Keeping a Journal on the Camino de Santiago

Posted by Stuart Lennon on

Regulars will know that I am completing the Camino de Santiago; in stages. Each year, I walk six days, and the following year, I restart from where I finished. This year was year two.

Full disclosure, although it is a pilgrimage, neither of my friends nor I would claim that we are solely motivated by religion. We all have some faith, but not in a traditional way. 

The Duck and Chickpea Stu

On the left is the belligerent Basque - the Duck. (Don't ask!) to the right is Chickpea Stu.

The walk was born to commemorate a friend who passed away. I walk partly for that, partly for the pleasure of spending time with a couple of friends and partly to log off, get into nature, and recharge.

As you may note, the Duck is looking a little less than fighting-fit, and sure enough he was unable to complete the walk this year. At the end of Day 2, after medical advice, he had to return home with swollen legs. Despite further problems at home, he is OK now and plans to 'catch up' before next year.

Chickpea and I continued.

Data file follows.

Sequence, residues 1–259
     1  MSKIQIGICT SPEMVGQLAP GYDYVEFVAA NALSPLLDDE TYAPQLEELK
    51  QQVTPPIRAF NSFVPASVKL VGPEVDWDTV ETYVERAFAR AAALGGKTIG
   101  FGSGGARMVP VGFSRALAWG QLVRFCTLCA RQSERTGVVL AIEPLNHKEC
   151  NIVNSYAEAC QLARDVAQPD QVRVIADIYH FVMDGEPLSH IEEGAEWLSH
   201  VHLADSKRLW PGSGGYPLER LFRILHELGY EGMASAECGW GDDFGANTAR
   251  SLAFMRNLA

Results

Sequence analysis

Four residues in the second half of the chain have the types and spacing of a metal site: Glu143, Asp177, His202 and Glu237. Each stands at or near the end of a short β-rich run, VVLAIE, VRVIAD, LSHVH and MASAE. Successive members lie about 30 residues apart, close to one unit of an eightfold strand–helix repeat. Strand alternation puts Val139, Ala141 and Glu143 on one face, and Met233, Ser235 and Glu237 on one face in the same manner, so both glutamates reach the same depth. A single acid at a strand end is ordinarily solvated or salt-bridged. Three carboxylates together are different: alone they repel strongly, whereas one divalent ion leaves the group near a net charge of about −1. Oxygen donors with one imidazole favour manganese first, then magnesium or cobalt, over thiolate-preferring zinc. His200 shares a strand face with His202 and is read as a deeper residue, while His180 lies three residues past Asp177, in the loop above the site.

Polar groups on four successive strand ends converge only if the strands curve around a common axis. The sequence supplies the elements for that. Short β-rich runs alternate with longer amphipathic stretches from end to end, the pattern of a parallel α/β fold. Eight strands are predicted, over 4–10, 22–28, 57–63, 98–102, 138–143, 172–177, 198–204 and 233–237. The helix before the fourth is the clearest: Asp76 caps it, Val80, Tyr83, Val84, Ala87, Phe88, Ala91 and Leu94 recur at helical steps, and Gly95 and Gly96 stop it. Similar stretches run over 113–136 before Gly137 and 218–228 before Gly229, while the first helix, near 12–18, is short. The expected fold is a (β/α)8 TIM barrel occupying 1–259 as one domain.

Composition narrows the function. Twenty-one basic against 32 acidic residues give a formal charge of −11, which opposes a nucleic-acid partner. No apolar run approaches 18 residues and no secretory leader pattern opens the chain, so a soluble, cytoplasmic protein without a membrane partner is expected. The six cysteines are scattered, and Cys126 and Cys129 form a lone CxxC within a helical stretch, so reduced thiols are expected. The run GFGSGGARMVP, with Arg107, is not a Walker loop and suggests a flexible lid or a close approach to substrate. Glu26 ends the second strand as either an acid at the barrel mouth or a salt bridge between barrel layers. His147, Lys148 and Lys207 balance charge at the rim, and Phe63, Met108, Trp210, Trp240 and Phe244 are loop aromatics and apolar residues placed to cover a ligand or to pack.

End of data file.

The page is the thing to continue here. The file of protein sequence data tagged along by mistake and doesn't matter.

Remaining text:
Our routine at the end of a day's walking varied little. Having found somewhere to sleep, we would strike out looking for a glass of wine and some chairs. This day, we found some absolutely superb wine and a pretty decent couple of chairs.

Chickpea would scroll through his photos of the day and write notes on what had been taken where. I took few photos, but would jot down some thoughts or observations.

I would hoard any pieces of paper; receipts, bills, maps etc and fold them into the notebook.  Back in Blighty, I stapled these in.

Both chickpea and I used a Field Notes Expedition. I started from the front for my free-form stuff as described - and from the back to store any important logistics notes. Stu is using the PN notebook cover and a Kaweco clutch pencil. I had a Field Notes Fisher Space pen.

The walk was only a couple of months ago - but already, I treasure the notebook.

The Expedition is, as you might expect, perfect for this. The paper is nigh-on indestructible and revels in being treated roughly. The pen worked a treat too.

If you get the chance, get out there into nature. If you can do the Camino, I recommend it. It is amazing, but you don't need to go to Spain to find nature. There's probably some five minutes away. Put a pen and book in your pocket, turn your phone off and go take a walk. 

When you feel moved to write something, write it. 

Pilgrimage? There's a pocket notebook for that.


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